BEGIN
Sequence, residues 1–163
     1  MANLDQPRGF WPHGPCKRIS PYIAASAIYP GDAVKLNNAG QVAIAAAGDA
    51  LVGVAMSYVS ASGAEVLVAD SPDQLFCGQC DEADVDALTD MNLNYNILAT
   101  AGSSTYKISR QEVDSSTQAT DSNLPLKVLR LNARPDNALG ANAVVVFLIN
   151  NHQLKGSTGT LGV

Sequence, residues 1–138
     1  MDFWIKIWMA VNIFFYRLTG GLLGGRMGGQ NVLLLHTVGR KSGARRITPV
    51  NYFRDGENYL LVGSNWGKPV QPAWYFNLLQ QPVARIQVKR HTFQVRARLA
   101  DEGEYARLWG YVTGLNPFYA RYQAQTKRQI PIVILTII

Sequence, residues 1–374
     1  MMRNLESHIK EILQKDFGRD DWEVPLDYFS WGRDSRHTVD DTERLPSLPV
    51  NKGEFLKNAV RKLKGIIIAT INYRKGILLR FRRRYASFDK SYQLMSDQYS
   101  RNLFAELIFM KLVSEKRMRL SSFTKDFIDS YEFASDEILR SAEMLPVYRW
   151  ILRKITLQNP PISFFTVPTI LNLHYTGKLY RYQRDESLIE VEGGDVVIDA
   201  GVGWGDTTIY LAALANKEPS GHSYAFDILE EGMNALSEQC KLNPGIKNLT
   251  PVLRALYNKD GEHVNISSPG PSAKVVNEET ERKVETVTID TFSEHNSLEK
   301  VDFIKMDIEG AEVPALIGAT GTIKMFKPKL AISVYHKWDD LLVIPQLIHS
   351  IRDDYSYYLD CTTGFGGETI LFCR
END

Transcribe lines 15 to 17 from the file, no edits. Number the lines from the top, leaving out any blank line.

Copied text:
   201  GVGWGDTTIY LAALANKEPS GHSYAFDILE EGMNALSEQC KLNPGIKNLT
   251  PVLRALYNKD GEHVNISSPG PSAKVVNEET ERKVETVTID TFSEHNSLEK
   301  VDFIKMDIEG AEVPALIGAT GTIKMFKPKL AISVYHKWDD LLVIPQLIHS